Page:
Oil jumped more than 5 percent on Wednesday, after the Saudi oil minister said an agreement among OPEC members on cutting output was close, putting the price on course for its biggest one-day move since April.
Brent crude futures <LCOc1> rose $2.72 on the day to $49.10 per barrel by 0935 GMT, while U.S. West Texas Intermediate (WTI) crude futures rose $2.43 to $47.66 a barrel.
The Organization of the Petroleum Exporting Countries met at 0900 GMT on Wednesday at its headquarters in Vienna to discuss terms of a potential deal to cut production in an effort to prop up prices that have fallen by more than half since 2014 due to oversupply.
Saudi Arabia’s energy minister, Khalid al-Falih, said he believed the market’s fundamentals were moving in the right direction, but he believed the group was “getting close to a deal”.
“The extent of the (price) move shows no one wants to miss the boat. There must be a general consensus that there will be a cut, whether it’s going to be bullish, I don’t know, but it’s the domino effect,” PVM Oil Associates analyst Tamas Varga said.
An Iraqi delegate on Wednesday said that some form of agreement would be reached, and Iran’s oil minister also said he was optimistic.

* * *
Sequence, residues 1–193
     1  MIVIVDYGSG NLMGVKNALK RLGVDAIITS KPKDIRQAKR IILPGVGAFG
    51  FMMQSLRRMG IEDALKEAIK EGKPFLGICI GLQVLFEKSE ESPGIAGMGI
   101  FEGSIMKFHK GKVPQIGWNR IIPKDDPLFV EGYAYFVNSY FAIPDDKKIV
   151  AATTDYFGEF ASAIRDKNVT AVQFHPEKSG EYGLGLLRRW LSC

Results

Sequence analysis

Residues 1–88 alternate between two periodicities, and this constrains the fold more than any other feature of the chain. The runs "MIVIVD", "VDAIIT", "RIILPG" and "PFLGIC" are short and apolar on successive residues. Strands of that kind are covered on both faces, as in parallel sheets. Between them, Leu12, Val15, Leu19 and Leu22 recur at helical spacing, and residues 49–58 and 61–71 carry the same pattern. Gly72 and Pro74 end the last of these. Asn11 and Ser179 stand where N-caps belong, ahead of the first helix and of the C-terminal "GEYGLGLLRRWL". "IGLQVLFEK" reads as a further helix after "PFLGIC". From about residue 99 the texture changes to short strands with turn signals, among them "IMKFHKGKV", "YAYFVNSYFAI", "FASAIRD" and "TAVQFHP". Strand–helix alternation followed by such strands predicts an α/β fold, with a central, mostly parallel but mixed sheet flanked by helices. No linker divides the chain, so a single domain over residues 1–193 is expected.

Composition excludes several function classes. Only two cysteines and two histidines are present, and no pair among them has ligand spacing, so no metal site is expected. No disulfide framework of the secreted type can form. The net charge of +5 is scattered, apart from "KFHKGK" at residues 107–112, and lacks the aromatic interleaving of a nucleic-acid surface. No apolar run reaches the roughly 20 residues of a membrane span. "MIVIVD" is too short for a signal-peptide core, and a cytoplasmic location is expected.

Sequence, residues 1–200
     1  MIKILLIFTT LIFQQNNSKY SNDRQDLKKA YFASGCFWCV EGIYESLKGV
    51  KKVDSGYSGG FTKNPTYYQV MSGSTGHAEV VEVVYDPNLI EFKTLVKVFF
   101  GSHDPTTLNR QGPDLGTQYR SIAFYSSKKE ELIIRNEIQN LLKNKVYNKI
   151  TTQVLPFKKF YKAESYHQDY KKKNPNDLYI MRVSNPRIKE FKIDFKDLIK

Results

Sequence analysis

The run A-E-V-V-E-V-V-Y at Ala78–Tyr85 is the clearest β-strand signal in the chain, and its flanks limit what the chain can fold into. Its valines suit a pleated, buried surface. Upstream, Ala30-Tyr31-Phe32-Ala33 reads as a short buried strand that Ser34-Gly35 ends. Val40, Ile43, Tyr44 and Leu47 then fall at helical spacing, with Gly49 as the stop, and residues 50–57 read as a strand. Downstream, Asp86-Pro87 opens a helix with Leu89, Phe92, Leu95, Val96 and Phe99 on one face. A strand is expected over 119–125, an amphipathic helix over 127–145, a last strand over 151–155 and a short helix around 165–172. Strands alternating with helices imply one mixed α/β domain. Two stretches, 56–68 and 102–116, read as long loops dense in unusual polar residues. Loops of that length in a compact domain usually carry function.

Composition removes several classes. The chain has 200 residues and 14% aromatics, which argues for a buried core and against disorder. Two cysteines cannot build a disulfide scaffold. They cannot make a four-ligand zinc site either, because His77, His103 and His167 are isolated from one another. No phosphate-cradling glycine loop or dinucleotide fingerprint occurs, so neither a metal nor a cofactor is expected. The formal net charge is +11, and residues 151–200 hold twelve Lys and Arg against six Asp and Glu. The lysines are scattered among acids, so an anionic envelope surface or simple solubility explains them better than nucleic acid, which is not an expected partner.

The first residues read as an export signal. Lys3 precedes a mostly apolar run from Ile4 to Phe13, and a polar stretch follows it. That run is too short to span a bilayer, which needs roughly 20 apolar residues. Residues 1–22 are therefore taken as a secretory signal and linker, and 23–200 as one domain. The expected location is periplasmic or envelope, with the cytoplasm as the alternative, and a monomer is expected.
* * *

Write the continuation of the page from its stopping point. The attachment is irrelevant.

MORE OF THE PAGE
Traders said markets were jittery, and that prices could swing sharply in either direction depending on developments in Vienna.
Oil on Tuesday fell by nearly 4 percent on disputes between Saudi Arabia, Iran and Iraq regarding details of the planned cut.
Analysts at Goldman Sachs, Barclays, and ANZ agree that oil prices will quickly rise above $50 per barrel should OPEC come to an agreement. Without a deal, the consensus is for a fall to the low $40s.
Iran and Iraq are resisting pressure from Saudi Arabia to curtail production, making it hard for the group to reach an agreement on output.
OPEC, which accounts for a third of global oil production, reached a preliminary agreement in Algiers in September to cap output around 32.5-33 million barrels per day versus the current 33.64 million bpd to prop up prices.
One of OPEC’s biggest concerns is that by cutting output it will simply cede market share to non-OPEC rivals.
Source: Reuters (By Amanda Cooper; Additional reporting by Henning Gloystein in Singapore; editing by Jason Neely)